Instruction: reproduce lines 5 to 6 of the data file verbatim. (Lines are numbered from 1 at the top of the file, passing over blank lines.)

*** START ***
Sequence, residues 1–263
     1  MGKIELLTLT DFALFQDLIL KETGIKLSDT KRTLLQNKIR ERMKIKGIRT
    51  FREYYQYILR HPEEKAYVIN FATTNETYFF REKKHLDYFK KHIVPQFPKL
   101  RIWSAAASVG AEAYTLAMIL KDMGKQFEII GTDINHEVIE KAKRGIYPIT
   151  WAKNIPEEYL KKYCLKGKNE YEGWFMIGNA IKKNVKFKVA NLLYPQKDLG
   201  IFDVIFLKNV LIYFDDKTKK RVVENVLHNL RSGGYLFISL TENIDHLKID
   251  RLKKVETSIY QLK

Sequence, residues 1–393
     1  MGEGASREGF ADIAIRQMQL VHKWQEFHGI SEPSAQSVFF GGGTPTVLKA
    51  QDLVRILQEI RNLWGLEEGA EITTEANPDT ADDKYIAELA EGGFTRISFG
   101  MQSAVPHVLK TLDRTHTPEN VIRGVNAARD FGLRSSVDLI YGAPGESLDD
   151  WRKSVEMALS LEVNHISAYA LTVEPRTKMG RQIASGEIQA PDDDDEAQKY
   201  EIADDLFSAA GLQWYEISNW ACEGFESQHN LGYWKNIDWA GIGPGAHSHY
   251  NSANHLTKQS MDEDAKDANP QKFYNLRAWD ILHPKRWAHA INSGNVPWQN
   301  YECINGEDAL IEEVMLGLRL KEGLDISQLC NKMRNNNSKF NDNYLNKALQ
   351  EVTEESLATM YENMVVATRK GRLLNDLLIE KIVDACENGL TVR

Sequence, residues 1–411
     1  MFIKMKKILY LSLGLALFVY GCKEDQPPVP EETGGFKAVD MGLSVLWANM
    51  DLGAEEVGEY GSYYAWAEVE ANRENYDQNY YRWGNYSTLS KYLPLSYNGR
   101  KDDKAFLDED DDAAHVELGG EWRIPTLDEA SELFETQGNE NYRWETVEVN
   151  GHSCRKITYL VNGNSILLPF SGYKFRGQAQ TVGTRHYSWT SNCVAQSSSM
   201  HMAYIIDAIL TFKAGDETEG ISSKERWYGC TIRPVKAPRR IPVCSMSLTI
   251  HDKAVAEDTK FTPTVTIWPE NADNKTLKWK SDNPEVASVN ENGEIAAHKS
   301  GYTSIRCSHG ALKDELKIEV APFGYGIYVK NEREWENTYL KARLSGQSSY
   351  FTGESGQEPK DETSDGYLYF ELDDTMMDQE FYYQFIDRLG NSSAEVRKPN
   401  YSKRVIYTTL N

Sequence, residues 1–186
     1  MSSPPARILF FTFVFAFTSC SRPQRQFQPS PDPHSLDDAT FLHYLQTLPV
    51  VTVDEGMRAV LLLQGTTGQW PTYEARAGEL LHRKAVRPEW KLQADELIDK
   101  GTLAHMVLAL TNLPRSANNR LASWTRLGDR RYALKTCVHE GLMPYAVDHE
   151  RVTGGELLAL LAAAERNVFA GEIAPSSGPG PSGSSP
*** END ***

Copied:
   151  WAKNIPEEYL KKYCLKGKNE YEGWFMIGNA IKKNVKFKVA NLLYPQKDLG
   201  IFDVIFLKNV LIYFDDKTKK RVVENVLHNL RSGGYLFISL TENIDHLKID